If I’m being charged with assault, what can I do in this situation too defend myself?

I live in Texas, I am 20 years old. I recently moved in with my mother and She would not let me leave the house. After a month had gone by, I tried to leave, and she physically would not let me leave. She stood infront of the door, pushing me away. I eventually managed to use hips to get infront of the door and got out. Come to find out that my mother has now filed assault charges against me. I did not harm/assault her in any way, and she was keeping me against my will. But it is her word against mine. I would just like to know what I can do in this situation. Does she have a case against me?

Asked on June 11, 2012 under Criminal Law, Texas


B.H.F., Member, Texas State Bar / FreeAdvice Contributing Attorney

Answered 8 years ago | Contributor

If you don't have a criminal history, then most likely these charges will be filed as a misdemeanor assault.  Even though it's just a misdemeanor, it is still a serious offense because employers tend to be leary of potential employees who have an assaultive history--- so, the one thing you do not want to do is to accept a plea just because it's the easier thing to do.  Second, you may want to visit with an attorney and do a consulation.  Many will offer a free consulation to review the offense report with you.  You mention that you know she is filing these charges, but don't explain how you know.  If the officer has already written up a report, make an open record request for it so that you can take it to the attorney to review.  He/she may be able to identify inconsistencies in her statement which expose flaws in your mother's story.  Some jurisdictions accept polygraphs to decide when and when not to file a case.  This same attorney may be able to arrange a polygraph with an approved polygrapher to submit to the DA's office.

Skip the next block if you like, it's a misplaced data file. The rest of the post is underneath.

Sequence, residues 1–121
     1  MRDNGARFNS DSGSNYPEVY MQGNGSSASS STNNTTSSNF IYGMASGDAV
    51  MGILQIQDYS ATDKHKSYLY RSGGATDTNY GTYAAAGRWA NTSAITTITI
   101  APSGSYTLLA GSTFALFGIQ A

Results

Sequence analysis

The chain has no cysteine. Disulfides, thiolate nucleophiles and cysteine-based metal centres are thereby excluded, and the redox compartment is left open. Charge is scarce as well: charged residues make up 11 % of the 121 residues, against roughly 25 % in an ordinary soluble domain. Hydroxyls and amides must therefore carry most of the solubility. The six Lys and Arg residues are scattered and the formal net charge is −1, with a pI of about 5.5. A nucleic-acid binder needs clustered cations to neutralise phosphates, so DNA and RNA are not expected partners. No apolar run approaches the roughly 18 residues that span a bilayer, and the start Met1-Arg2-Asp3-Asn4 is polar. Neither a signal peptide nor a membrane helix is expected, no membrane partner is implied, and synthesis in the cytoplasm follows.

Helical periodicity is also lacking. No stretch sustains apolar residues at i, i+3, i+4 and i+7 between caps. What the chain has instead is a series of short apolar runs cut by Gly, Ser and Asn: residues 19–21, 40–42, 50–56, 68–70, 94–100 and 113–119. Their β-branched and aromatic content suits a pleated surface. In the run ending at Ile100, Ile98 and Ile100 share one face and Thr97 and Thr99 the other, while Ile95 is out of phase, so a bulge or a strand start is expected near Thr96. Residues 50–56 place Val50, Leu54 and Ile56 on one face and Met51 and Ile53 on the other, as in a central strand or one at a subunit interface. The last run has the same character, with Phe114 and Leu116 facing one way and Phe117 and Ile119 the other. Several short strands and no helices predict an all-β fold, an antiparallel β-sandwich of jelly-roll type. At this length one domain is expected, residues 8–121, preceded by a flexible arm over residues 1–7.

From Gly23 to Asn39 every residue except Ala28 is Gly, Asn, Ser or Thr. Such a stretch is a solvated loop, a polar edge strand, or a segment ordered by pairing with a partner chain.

When it comes to he/said-she/said situations, it's always the word of one person over the other.  So the more proactive you are at preserving and reviewing the evidence against you, the better the chance you will have at defeating the charge.  She can press charges and technically the use of force against a family member could qualify as an assault, but if you can expose the truth, then you will have a better chance of getting them dismissed.

While you are working on these issues, you should be careful about any other contact with your mother.  Dozens of defendants over the years have reached out to their victims to get them to "drop the charges."  Some do... but sometimes, many DA's will just add another charge of witness tampering.  Also keep in mind that if she filed a false or incomplete report against you once, that she's not above doing it again.  So avoidance of her at this point could save you a bigger headache and more charges.

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